Eastern Wildlife Damage Control Conferences


Date of this Version

October 1997


Published in Proceedings of the Eighth Eastern Wildlife Damage Management Conference, Roanoke, Virginia, October 16–19, 1997, edited by James A. Parkhurst. Copyright © 1997 by the authors.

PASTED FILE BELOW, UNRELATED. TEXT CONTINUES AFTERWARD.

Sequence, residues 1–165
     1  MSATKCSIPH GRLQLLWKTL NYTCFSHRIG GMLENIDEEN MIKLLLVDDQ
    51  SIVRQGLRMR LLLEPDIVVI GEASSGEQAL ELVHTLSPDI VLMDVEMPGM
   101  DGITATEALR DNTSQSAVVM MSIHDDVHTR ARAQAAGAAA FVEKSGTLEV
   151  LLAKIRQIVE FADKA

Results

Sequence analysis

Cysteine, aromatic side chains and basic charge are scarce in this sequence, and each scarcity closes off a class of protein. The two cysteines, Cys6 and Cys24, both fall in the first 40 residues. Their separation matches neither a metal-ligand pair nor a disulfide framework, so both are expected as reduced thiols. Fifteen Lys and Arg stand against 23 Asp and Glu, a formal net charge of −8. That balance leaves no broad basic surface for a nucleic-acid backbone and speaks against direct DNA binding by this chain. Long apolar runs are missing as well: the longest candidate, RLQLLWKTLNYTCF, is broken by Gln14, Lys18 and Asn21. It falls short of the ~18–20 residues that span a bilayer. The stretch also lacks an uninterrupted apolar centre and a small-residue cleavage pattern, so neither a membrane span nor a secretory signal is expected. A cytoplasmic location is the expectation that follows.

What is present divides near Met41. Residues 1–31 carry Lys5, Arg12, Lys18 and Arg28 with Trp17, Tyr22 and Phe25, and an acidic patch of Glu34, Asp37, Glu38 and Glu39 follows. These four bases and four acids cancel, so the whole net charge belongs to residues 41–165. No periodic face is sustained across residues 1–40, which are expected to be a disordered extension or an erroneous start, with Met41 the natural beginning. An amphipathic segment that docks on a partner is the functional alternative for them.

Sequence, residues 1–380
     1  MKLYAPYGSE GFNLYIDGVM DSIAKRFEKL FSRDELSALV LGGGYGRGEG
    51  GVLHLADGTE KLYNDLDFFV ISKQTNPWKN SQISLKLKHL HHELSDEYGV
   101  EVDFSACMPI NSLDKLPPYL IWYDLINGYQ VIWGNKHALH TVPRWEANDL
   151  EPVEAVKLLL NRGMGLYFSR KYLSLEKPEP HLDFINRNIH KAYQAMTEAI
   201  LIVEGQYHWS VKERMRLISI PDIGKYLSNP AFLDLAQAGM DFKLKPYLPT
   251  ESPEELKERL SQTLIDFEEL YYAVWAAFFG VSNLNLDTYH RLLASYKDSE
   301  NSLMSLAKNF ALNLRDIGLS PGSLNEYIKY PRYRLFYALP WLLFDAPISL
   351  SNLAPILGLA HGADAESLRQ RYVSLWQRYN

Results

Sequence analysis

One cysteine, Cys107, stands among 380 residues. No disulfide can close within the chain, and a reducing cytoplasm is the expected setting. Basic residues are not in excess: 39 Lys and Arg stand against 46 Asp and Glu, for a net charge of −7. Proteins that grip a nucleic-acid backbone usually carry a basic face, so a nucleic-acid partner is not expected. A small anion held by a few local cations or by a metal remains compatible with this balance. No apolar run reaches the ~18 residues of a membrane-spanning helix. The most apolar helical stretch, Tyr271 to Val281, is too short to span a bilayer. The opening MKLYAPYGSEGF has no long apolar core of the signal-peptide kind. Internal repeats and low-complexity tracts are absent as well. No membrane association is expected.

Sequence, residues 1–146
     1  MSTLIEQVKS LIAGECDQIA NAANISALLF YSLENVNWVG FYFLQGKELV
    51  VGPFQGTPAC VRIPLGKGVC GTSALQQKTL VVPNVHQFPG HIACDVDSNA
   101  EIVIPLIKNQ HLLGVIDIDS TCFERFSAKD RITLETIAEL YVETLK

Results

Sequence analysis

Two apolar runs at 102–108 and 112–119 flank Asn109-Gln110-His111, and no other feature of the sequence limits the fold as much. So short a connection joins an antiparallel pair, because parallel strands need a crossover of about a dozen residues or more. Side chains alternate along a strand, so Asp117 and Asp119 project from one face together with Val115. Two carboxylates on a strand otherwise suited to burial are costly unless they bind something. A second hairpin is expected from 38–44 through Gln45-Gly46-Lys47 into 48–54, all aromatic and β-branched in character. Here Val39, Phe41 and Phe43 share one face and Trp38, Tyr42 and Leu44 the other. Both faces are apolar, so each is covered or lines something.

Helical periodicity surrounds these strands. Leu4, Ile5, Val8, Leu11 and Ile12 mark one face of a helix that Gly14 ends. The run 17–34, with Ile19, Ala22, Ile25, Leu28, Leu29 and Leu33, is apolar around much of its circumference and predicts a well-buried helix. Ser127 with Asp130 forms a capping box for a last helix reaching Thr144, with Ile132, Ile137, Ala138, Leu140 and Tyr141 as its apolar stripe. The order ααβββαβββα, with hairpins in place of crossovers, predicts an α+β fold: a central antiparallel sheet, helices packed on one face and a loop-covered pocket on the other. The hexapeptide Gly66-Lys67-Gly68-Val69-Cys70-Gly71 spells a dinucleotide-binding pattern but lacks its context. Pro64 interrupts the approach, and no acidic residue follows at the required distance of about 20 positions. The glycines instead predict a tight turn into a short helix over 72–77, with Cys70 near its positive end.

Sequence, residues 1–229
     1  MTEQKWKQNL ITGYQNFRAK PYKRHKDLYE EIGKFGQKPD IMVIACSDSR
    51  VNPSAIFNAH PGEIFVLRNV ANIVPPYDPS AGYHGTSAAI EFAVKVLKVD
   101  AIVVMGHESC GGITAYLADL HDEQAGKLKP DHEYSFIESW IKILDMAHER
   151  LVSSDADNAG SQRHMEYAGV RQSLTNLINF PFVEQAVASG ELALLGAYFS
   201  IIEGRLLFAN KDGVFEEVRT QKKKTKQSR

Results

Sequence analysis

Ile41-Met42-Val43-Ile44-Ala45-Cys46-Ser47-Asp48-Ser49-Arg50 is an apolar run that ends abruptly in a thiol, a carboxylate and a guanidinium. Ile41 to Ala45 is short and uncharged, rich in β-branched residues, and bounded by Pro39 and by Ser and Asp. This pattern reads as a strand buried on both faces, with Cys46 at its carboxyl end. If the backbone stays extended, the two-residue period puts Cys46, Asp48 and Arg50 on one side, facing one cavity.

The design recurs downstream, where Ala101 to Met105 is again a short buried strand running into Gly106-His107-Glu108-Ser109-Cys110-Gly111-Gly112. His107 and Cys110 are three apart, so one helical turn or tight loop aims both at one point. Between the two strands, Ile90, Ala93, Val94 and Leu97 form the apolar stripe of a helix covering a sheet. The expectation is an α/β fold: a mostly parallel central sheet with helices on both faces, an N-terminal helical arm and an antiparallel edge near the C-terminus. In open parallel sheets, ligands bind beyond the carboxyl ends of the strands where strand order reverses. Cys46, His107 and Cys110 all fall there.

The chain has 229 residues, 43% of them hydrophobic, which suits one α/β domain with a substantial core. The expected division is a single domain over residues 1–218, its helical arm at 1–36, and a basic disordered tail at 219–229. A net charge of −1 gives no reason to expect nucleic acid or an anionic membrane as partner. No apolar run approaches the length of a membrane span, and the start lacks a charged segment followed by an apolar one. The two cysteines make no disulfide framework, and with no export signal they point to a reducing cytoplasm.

Agricultural damage by wildlife is a major concern for both agricultural and wildlife agencies at the state and federal level. Our objective was to estimate wildlife damage to agricultural crops on a statewide basis. We sent questionnaires to 4,958 farmers and 1,003 were returned after 2 mailings. Twenty-five percent of farmers responding to our survey rated the level of wildlife damage to their crops as severe or very severe, 46% as moderate, and 29% had none or very little. Mean levels of crop loss to wildlife ranged from 6% for wheat to 10% for corn grain, and white-tailed deer (Odocoileus virginianus) were the most commonly reported cause of damage for all crops except soybeans. Farmers estimated the economic value of damage caused by wildlife to 6 crops (corn grain, silage, alfalfa, soybeans, oats, and wheat) as > $70 million. Ninety-one percent of Pennsylvania farmers allowed deer hunting on their farms, but 62% of the farms were bordered at least partially by land that was posted (no hunting or limited hunting). Fifty-six percent of farmers whose land was bordered by posted land believed adjacent posted land made it difficult for them to control deer numbers and damage on the land they farmed. Thirty-one percent of farmers responding to the questionnaire reported that they had changed farming practices (i.e., no longer farmed a particular field or raised a particular crop) as a consequence of deer damage. Additional methods used to control deer damage included shooting (28%), chasing (13%), fencing (9.3%), repellents (7%), and noise devices (5%). Fencing and shooting were the only methods rated as being at least moderately effective.